The period covered by a budget varies according to the nature of the specific activity involved. Cash budgets may cover a week or a month; sales and production budgets may cover a month, a quarter, or a year; and the general operating budget may cover a quarter or a year.
Budgeting involves the coordination of financial and nonfinancial planning to satisfy organizational goals and objectives. No foolproof method exists for preparing an effective budget. However, budget makers should carefully consider the conditions that follow:
- Top management support All management levels must be aware of the budget's importance to the company and must know that the budget has top management's support. Top management, then, must clearly state long-range goals and broad objectives. These goals and objectives must be communicated throughout the organization. Long-range goals include the expected quality of products or services, growth rates in sales and earnings, and percentage-of-market targets. Overemphasis on the mechanics of the budgeting process should be avoided.
- Participation in goal setting Management uses budgets to show how it intends to acquire and use resources to achieve the company's long-range goals. Employees are more likely to strive toward organizational goals if they participate in setting them and in preparing budgets. Often, employees have significant information that could help in preparing a meaningful budget. Also, employees may be motivated to perform their own functions within budget constraints if they are committed to achieving organizational goals.
- Communicating results People should be promptly and clearly informed of their progress. Effective communication implies (1) timeliness, (2) reasonable accuracy, and (3) improved understanding. Managers should effectively communicate results so employees can make any necessary adjustments in their performance.
- Flexibility If significant basic assumptions underlying the budget change during the year, the planned operating budget should be restated. For control purposes, after the actual level of operations is known, the actual revenues and expenses can be compared to expected performance at that level of operations.
- Follow-up Budget follow-up and data feedback are part of the control aspect of budgetary control. Since the budgets are dealing with projections and estimates for future operating results and financial positions, managers must continuously check their budgets and correct them if necessary. Often management uses performance reports as a follow-up tool to compare actual results with budgeted results.
The term budget has negative connotations for many employees. Often in the past, management has imposed a budget from the top without considering the opinions and feelings of the personnel affected. Such a dictatorial process may result in resistance to the budget. A number of reasons may underlie such resistance, including lack of understanding of the process, concern for status, and an expectation of increased pressure to perform. Employees may believe that the performance evaluation method is unfair or that the goals are unrealistic and unattainable. They may lack confidence in the way accounting figures are generated or may prefer a less formal communication and evaluation system. Often these fears are completely unfounded, but if employees believe these problems exist, it is difficult to accomplish the objectives of budgeting.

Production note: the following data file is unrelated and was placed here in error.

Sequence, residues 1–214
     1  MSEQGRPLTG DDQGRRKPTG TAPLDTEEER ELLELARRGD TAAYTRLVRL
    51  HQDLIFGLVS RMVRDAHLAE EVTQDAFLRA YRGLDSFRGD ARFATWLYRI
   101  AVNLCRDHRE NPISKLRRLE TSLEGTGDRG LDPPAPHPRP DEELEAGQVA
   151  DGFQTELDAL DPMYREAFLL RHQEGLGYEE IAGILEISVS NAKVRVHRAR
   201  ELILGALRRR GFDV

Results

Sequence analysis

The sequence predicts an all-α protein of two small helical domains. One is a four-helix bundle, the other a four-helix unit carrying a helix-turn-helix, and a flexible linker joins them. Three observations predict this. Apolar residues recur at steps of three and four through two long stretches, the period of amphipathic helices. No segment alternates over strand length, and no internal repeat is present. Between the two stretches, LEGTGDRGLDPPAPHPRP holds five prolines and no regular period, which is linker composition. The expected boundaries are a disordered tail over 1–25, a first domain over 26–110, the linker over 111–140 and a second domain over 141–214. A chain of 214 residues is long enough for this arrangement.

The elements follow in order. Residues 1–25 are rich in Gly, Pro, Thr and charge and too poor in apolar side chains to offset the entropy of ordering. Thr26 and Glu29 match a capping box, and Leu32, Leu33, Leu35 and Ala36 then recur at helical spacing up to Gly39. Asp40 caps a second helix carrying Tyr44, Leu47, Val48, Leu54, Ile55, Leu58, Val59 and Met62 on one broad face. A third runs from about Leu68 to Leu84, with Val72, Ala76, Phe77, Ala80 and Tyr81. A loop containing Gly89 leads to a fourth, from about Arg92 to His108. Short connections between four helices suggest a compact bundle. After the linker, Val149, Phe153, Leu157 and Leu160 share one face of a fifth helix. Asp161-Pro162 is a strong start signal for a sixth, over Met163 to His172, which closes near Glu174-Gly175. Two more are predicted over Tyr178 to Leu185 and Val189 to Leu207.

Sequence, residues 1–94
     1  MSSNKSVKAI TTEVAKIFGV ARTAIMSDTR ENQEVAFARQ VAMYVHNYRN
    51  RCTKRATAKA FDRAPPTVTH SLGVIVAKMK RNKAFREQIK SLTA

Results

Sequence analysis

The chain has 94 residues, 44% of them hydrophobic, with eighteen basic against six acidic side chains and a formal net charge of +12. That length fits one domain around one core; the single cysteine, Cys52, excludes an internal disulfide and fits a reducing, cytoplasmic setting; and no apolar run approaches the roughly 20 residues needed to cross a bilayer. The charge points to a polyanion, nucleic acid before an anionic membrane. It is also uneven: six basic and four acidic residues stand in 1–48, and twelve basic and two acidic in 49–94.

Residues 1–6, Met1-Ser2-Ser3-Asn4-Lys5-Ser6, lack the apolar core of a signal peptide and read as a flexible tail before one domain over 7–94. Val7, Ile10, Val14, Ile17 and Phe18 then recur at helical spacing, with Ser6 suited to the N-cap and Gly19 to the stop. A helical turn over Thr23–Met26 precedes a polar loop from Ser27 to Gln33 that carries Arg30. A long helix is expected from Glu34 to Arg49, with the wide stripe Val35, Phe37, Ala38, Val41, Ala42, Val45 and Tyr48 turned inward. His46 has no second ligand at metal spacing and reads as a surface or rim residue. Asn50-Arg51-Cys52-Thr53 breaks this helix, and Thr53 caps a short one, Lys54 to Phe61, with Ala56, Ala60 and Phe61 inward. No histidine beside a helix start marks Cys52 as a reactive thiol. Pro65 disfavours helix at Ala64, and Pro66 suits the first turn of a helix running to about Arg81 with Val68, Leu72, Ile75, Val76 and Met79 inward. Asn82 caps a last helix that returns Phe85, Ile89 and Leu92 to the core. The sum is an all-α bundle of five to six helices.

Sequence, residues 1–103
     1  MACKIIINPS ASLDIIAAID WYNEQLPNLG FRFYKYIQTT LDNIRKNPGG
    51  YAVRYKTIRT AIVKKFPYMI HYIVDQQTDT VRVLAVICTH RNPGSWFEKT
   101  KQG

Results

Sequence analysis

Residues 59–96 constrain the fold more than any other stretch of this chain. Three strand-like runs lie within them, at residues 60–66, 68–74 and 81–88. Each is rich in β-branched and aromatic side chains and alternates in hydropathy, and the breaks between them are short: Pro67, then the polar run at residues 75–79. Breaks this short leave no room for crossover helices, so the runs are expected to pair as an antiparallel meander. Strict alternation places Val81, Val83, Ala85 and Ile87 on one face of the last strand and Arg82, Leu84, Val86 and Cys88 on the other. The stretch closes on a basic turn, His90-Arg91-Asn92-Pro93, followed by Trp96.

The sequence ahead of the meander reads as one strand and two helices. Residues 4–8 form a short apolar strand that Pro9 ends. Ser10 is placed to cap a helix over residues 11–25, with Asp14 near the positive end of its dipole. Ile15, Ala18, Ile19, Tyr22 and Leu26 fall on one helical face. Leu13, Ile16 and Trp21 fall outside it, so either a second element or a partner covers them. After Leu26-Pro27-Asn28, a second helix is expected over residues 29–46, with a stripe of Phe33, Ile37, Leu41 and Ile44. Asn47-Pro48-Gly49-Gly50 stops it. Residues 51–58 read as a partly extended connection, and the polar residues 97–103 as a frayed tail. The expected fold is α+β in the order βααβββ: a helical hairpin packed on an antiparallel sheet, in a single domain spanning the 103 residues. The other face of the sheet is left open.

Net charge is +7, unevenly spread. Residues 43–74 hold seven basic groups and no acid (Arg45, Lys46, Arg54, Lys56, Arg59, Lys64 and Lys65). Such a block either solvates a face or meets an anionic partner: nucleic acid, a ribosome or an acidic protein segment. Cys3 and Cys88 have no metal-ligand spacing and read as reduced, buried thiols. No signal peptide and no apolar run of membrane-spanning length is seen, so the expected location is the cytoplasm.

Problems encountered with such imposed budgets have led accountants and management to adopt participatory budgeting. Participatory budgeting means that all levels of management responsible for actual performance actively participate in setting operating goals for the coming period. Managers and other employees are more likely to understand, accept, and pursue goals when they are involved in formulating them.
Within a participatory budgeting process, accountants should be compilers or coordinators of the budget, not preparers. They should be on hand during the preparation process to present and explain significant financial data. Accountants must identify the relevant cost data that enables management's objectives to be quantified in dollars. Accountants are responsible for designing meaningful budget reports. Also, accountants must continually strive to make the accounting system more responsive to managerial needs. That responsiveness, in turn, increases confidence in the accounting system.
Although many companies have used participatory budgeting successfully, it does not always work. Studies have shown that in many organizations, participation in the budget formulation failed to make employees more motivated to achieve budgeted goals. Whether or not participation works depends on management's leadership style, the attitudes of employees, and the organization's size and structure. Participation is not the answer to all the problems of budget preparation. However, it is one way to achieve better results in organizations that are receptive to the philosophy of participation.